Global Marketing

The Path to Developing New Sucessful Products


“Is your company finding it hard to develop new products? If so, you might try learning from the masters.”

The Wall STREET Journal Report

Originally, I when I first posted this article, I really wanted everyone to just read it; I didn’t realize I probably should add my “2 Cents”  in terms of “my thoughts” on the concept.

Sometimes when we are the marketing team taking a product to market, we become so consumed by the actual product, we lose focus on the customer.  The costumer relationship that the outside marketing team is building is imperative to the long-term productivity of the team.

While, it seems obvious to us that we need to put the customer’s needs as the highest priority, sometimes people tend to obsess about the actual marketing plan and product and lose the human touch of interacting with the customer at a human level.

With modern technology, email, cell phones, texting, etc…we often cease to actually meet, brainstorm and create together.  When we do this, it becomes a collaboration that we are all invested in.  According to this article, by focusing on these relationships, product deadlines tend to be met, customers continue to retain your services and employees are happier.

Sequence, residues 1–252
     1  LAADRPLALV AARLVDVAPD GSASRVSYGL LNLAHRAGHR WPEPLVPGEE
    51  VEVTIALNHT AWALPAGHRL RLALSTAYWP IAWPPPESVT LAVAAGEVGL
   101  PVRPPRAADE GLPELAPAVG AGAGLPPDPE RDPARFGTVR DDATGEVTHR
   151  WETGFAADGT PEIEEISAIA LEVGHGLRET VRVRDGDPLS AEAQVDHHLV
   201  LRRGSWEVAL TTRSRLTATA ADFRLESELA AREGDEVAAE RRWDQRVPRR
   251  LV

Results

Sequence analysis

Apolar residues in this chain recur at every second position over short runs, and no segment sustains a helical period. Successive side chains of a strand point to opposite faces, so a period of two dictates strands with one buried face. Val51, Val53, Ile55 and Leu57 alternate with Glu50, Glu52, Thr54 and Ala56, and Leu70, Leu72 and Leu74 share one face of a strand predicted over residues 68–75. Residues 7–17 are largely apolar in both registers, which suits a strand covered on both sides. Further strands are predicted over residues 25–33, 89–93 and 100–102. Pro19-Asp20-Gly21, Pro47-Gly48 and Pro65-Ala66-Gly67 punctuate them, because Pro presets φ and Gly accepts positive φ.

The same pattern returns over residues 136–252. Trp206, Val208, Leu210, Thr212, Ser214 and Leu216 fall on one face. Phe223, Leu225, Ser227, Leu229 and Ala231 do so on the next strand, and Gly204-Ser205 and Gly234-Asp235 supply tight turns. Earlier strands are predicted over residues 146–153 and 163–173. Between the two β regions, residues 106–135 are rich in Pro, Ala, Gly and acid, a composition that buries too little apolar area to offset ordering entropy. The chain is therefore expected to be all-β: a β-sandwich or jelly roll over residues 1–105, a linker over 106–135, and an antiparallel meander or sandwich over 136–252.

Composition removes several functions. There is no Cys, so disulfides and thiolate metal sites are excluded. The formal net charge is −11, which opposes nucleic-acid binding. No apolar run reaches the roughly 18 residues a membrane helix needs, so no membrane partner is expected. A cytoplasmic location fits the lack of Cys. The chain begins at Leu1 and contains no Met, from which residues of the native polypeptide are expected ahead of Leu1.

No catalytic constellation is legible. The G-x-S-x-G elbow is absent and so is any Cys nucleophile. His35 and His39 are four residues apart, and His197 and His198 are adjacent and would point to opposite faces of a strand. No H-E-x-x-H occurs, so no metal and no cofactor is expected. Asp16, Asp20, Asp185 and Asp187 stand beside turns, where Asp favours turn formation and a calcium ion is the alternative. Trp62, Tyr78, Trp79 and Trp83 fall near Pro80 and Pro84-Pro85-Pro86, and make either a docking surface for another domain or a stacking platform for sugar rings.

“We found—after surveying more than 300 employees at 28 companies across North America and Europe—that the businesses with the best product-development track records do three things better than their less-successful peers: They create a clear sense of project goals early on, they nurture a strong project culture in their workplace, and they maintain close contact with customers throughout a project's duration.”

The teams in our study that embraced these tactics were 17 times as likely as the laggards to have projects come in on time, five times as likely to be on budget, and twice as likely to meet their company's return-on-investment targets.”

So, everyone, don’t forget the customer reigns supreme.  The product is an extension of the customer.


 Posted Team J, by Robin Follman-Otta and Sandro Siles